Latitudes: Raft Horseshoe Bend for an up close and personal experience with this iconic landmark

by Debbie Stone | Guest Columnist

Latitudes: Raft Horseshoe Bend for an up close and personal experience with this iconic landmark

Draw a circle around Page, Arizona, and you’ll find numerous natural wonders. Among them is Horseshoe Bend, undoubtedly one of the most spectacular landscapes in the state. This near-perfect circular canyon, which is located in Glen Canyon National Recreation Area, was carved into the earth by the erosive forces of the Colorado River..

For the best view of this natural masterpiece, hike the path to the overlook and gaze at the sheer cliff walls of Navajo sandstone. Look down an astonishing 1,000 feet below you to the mighty Colorado River and marvel at its blue-green color.

For a more intimate look at this dramatic landscape, opt to do a half-day Horseshoe Bend Rafting Trip with Wilderness River Adventures. With over fifty years of experience in the business, the company specializes in whitewater rafting adventures on the Colorado River through the Grand Canyon and raft trips around the calm waters of Horseshoe Bend.

You’ll board your raft next to Glen Canyon Dam. In 1963, a reservoir called Lake Powell was created by the construction of the dam. Nearly five million cubic yards of concrete, enough to build a two-lane highway from Phoenix to Chicago, were used to construct the dam.

Your guide will regale you with information about the geology, history and wildlife in the area as you float down the river. You’ll learn about John Wesley Powell, noted explorer of the American West. A one-armed Civil War veteran, Powell and his crew of mountain men took off in 1869 on a momentous 1,000-mile, three-month expedition to map one of the last blank spaces on the U.S. map: the Green and Colorado Rivers through what would become known as the Grand Canyon.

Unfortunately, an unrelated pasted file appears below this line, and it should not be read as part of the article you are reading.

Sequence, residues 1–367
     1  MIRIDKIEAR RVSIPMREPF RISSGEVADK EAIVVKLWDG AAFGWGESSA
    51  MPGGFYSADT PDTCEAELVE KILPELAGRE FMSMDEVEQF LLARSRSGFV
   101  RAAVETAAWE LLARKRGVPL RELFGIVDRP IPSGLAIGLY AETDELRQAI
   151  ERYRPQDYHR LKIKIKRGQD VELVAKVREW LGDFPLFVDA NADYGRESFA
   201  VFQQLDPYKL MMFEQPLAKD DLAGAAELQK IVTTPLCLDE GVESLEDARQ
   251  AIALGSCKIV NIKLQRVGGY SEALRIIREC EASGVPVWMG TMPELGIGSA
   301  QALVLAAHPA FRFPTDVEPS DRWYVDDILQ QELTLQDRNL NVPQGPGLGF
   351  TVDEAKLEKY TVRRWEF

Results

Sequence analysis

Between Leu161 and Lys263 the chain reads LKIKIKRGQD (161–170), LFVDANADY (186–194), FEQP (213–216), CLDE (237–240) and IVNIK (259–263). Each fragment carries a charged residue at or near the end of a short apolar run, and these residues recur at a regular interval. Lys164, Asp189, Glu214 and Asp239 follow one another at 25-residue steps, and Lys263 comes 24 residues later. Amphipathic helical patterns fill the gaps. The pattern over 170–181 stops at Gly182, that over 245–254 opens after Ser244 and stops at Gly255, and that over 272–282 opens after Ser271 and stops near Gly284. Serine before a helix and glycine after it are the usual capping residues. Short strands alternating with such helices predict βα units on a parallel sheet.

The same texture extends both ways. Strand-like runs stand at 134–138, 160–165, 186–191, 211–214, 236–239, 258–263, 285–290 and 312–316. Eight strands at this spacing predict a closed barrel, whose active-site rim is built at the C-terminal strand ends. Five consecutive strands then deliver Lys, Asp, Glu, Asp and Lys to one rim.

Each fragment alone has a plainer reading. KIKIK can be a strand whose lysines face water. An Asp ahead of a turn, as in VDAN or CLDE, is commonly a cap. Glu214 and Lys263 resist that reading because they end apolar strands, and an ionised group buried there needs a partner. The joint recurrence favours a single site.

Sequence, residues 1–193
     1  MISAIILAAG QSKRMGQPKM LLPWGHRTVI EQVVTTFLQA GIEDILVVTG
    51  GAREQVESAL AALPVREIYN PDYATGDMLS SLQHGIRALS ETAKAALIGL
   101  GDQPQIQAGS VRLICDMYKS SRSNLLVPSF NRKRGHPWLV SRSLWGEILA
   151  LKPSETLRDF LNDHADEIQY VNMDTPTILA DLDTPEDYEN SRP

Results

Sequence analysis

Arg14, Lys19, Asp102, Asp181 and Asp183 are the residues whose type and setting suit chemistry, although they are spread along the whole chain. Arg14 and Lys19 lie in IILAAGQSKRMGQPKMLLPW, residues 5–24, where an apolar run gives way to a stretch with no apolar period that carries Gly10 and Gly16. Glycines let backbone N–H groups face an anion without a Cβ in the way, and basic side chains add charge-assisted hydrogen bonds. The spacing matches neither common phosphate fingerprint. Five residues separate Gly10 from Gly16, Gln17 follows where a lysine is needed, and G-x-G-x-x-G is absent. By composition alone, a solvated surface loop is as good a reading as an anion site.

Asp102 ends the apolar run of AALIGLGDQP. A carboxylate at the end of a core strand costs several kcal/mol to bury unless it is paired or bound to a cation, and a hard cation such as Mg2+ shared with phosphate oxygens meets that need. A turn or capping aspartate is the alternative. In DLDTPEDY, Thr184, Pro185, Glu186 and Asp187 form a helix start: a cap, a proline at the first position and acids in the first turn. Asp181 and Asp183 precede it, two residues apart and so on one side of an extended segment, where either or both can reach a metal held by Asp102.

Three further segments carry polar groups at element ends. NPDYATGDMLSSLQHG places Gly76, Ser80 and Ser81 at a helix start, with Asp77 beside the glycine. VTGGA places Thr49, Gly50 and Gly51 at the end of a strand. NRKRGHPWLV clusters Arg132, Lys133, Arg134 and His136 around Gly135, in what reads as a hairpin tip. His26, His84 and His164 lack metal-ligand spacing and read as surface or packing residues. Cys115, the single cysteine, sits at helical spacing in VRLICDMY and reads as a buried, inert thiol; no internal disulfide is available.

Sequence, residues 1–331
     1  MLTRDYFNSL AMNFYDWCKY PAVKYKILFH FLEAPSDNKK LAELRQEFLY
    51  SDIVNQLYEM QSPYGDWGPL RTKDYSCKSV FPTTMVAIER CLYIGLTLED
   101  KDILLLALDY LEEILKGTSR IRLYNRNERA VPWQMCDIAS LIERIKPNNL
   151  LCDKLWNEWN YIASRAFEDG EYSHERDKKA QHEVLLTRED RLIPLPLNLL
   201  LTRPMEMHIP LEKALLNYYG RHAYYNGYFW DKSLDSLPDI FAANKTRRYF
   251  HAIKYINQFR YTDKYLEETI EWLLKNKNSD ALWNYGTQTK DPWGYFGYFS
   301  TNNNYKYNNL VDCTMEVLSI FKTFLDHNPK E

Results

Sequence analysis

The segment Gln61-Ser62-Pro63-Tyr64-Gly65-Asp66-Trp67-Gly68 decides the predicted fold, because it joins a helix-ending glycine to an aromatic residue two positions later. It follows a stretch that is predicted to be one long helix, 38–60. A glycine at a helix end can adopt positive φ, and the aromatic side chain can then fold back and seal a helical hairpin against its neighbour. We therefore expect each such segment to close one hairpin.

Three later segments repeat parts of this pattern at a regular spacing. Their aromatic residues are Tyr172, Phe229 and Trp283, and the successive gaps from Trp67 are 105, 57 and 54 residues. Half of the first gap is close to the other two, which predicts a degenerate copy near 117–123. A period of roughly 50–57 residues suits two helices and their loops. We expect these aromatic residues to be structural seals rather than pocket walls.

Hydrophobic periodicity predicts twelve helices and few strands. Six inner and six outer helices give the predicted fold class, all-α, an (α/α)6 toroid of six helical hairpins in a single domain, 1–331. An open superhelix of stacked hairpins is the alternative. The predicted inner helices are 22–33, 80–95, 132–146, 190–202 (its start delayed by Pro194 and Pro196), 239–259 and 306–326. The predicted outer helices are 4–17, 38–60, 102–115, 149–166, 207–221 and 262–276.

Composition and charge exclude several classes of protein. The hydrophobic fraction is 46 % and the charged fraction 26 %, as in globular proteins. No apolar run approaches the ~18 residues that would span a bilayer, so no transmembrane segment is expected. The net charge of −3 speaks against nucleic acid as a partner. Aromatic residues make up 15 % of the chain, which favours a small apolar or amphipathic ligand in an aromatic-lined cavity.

When Powell arrived at what is now Glen Canyon, he described it as a “land of beauty and glory,” and named it for the many glens and alcoves near the river. A hundred or so years later when the canyon was flooded by the Glen Canyon Dam, it formed a lake named for the one-armed explorer.

On the raft trip, you’ll see plenty of desert varnish on the canyon walls, which is responsible for their striking hues and textures. This reddish orange-to-black coating is composed of different minerals and the color of the varnish depends on the amounts of these elements.

Unique formations dot the route and you might spot some that resemble facial shapes or animals, or perhaps Star Wars characters like Jabba the Hut. And there’s even a pair that looks like the logos for the Baltimore Ravens and the Philadelphia Eagles football teams!

At Petroglyph Beach, you’ll get off the raft and walk the short trail to see the petroglyph panels. The petroglyphs are symbols that have significance and meaning to the Native Americans of the region and are considered sacred. Some can date back as far as 12,000 years ago or as recently as 200 years ago. Animals and possibly birds, along with an assortment of geometric shapes and hunting scenes are depicted on this impressive panel.

As you head around Horseshoe Bend, the ginormous formation will appear even more massive than when you viewed it from above. It takes centerstage in sentinel fashion and you’ll appreciate its true size from how long it takes to circumnavigate it.

If you’re lucky, you might spy some bighorn sheep or wild horses. On my trip, we saw a pair of the latter down by the river quenching their thirst.

In total, you’ll raft fifteen miles and finish the trip at Lees Ferry, where you’ll board a bus for the ride back to Page. Along the way, you’ll pass the famed Vermillion Cliffs, Marble Canyon, Navajo Bridge and other geologic wonders.

If you go: Wilderness River Adventures offers its half-day Horseshoe Bend Raft Trip from the beginning of March through the end of October. Plan ahead for 2023, as the trips get booked up in advance: